Natural carbon sinks could play a small but significant role in climate strategy

National report highlights opportunities and challenges involved in protecting Canada’s forests, wetlands, grasslands and croplands.

EDMONTON — Canada’s carbon-capturing natural areas can play a small — but effective — part in the country’s overall strategy to lower greenhouse gas emissions, according to a report that includes two University of Alberta experts.

The report shows that nature-based climate solutions (NBCSs), which includes fully protecting, restoring or expanding Canada’s forests, wetlands, grasslands and croplands, result in a modest drop in annual greenhouse gas emissions and could also have other environmental benefits.

The findings suggest there is a place for NBCSs in Canada’s overall strategy to mitigate climate change, says Vic Adamowicz, an environmental economist in the Faculty of Agricultural, Life & Environmental Sciences who served on the panel along with colleague David Olefeldt.

Among the key conclusions was that some NBCSs come with additional benefits, including better flood control, better air and water quality, higher biodiversity and property values, and lower soil erosion and urban heat island effects. 

That finding shows the importance of considering the value of NBCSs beyond their costs and the ability to capture carbon, suggests Olefeldt, a wetlands scientist.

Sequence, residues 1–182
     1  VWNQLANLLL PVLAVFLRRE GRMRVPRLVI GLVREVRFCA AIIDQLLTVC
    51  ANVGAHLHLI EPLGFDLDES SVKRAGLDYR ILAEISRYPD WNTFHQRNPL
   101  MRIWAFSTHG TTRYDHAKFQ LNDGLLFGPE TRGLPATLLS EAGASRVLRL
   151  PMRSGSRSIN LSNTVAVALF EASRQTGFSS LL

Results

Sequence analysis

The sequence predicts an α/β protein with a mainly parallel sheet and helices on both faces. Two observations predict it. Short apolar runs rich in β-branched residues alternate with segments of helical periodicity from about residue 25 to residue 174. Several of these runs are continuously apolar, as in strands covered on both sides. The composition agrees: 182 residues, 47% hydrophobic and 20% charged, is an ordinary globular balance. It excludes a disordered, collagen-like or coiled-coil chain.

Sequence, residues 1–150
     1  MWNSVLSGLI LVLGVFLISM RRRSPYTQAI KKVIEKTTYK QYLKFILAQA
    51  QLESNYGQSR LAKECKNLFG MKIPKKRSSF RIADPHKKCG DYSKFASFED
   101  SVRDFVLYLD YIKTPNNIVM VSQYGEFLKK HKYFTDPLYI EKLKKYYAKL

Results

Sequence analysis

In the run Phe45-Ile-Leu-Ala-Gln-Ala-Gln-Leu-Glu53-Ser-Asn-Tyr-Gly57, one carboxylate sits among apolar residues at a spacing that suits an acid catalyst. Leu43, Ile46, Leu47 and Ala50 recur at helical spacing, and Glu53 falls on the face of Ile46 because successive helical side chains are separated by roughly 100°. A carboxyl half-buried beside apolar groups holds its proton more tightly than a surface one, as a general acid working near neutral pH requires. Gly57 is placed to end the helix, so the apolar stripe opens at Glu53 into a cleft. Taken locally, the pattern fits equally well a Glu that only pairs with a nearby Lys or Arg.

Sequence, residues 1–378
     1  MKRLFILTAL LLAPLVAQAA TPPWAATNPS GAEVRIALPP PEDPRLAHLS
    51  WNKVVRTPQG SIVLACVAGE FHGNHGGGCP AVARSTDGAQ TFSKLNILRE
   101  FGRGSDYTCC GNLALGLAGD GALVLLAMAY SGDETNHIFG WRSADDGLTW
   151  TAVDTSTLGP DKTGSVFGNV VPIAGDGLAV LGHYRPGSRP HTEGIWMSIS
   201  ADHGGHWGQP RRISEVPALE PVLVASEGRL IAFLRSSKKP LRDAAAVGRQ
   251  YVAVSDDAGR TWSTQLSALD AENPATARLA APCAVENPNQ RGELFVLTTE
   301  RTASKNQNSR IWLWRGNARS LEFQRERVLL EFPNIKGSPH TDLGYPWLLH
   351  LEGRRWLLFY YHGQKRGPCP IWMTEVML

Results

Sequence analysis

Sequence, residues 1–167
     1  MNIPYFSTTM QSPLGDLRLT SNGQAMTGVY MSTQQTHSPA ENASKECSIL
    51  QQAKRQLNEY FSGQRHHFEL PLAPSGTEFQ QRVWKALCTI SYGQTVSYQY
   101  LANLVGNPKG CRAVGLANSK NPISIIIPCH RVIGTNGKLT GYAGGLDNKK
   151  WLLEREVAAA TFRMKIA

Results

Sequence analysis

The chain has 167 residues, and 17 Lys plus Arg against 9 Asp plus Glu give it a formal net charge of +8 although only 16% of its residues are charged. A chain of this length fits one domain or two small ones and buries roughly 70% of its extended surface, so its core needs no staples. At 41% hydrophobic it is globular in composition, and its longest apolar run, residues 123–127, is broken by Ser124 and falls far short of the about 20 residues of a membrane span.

“When looking at conservation and restoration, the policy frameworks should not be just focused on the climate benefits; the consideration needs to be more holistic.” 

The report also noted that fully implementing NBCSs would mitigate about six per cent of Canada’s current annual greenhouse gas emissions, but would also involve a variety of complex factors that need to be weighed carefully.

For example, costs, policies, technical impediments and other challenges made some NBCSs more feasible than others, including income loss to resource and agricultural industries when land is set aside for preservation.

“We have to do a lot of things to get to net zero, and using natural systems is one of the options; it can play a role and generate some co-benefits, so let's look at it and start choosing the ones that would work well,” Adamowicz adds.

The full story can be found here. To speak with Vic Adamowicz or David Olefeldt about the report, please contact:

Debra Clark
U of A communications associate